UN Commission on the Status of Women: women’s rights post-pandemic
The Law Society attended the United Nations Commission on the Status of Women (UN-CSW) for the second consecutive year to continue supporting the realisation of women’s rights.
We attended the 65th UN-CSW in March 2021 against the backdrop of the coronavirus (COVID-19) pandemic and the rampant increase in domestic violence.
This year, the 65th UN-CSW gathered over 5,000 representatives of member states, UN entities, and Economic and Social Council (ECOSOC)-accredited non-governmental organisations (NGOs).
The Law Society has held special consultative status with the ECOSOC of the United Nations since 2014. Five members of our delegation attended over 30 sessions.
We also spoke at events, including one on the power of pro bono work in advancing gender equality organised by the International Action Network for Gender Equity & Law (IANGEL), where we highlighted the contribution of the legal profession.
The 65th CSW agreed conclusions and acknowledged how the pandemic has deepened pre-existing inequalities that perpetuate multiple and intersecting forms of discrimination as well as racism, stigmatisation and xenophobia.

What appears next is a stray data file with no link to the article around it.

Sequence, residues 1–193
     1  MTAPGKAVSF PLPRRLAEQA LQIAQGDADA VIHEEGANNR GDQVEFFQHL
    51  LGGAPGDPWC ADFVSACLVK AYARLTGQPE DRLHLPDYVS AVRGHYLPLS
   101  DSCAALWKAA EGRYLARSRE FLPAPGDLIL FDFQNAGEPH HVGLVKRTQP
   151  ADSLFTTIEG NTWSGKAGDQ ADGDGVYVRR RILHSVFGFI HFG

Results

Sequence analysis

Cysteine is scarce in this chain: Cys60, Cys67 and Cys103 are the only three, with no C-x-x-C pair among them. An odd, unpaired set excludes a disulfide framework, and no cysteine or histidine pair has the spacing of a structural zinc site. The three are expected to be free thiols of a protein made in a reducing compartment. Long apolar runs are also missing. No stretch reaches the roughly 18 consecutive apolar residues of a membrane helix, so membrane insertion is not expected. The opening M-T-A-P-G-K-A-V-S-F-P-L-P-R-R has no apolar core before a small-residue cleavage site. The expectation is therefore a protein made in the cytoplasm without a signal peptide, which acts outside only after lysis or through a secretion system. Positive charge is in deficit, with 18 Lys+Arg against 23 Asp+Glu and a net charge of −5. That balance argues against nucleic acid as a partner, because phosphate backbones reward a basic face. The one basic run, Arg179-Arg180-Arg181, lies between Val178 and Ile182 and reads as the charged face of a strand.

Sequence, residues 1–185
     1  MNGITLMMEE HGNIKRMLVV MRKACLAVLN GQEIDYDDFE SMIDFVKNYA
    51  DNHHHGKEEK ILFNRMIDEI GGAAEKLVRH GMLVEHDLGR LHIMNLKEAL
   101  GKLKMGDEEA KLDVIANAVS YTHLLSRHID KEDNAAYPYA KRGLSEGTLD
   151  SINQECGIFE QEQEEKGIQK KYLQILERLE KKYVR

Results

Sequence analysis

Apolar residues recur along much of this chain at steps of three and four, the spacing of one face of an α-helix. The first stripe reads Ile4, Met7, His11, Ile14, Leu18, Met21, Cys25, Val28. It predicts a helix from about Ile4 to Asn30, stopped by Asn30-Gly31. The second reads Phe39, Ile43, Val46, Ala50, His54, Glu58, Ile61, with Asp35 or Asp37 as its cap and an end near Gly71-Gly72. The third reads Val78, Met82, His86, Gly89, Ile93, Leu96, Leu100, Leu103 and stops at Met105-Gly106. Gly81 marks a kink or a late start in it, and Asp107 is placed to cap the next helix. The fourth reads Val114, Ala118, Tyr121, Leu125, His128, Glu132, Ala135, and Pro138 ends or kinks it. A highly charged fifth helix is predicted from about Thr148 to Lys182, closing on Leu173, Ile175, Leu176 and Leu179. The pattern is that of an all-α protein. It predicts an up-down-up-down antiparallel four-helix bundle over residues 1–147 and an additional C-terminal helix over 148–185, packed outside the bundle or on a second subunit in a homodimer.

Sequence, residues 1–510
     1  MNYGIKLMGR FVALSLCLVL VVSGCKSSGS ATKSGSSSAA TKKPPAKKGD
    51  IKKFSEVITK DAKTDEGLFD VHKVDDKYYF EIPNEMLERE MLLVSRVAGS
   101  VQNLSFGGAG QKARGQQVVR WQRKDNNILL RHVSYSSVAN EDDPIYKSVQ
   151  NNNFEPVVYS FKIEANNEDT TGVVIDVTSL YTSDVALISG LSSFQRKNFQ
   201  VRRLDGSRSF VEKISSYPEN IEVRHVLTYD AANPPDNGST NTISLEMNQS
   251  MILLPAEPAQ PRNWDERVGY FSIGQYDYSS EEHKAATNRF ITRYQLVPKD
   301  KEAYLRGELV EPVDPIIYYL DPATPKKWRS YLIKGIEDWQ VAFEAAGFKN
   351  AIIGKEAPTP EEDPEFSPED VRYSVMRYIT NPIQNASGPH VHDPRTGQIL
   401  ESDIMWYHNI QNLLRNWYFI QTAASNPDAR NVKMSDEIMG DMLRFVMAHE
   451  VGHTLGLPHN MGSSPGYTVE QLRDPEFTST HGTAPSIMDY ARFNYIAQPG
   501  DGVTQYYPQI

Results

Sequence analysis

Throughout this global conference, the message was clear: there cannot be sustainable development and peace without meaningful and full participation of women.
In the fight for a better future, everyone is responsible for gender equality because when women thrive, societies and economies also thrive.
COVID-19 and violence against women
The conference highlighted some positive transformations such as changes in the use of language when referring to women, from victims to survivors.
However, the pandemic has brought many challenges as numerous governments have introduced draconian legislation with limited oversight, to control freedom of movement.
Some jurisdictions have taken advantage of this time of emergency to adopt coercive laws.
Women have continued to be marginalised and, as lockdowns continue, an upsurge of sexual and gender-based violence has been reported.
There is a danger of reversing the investment of past decades, putting an entire generation of progress on gender equality at risk. It’s therefore imperative to adopt an internationally agreed programme to prevent future marginalisation in times of crisis.
Social media and protecting the planet
It's been noted that a rising form of violence is that subtly exercised via the relatively new phenomenon of social media. Due to lack of regulation, social platforms can be easily infiltrated and weaponised, putting women – particularly human rights defenders (HRDs) – in critical danger.
Currently, environmental HRDs are being unfairly labelled as ‘anti-development’ or ‘anti-nationalist’. This has gained traction as a result of fake news.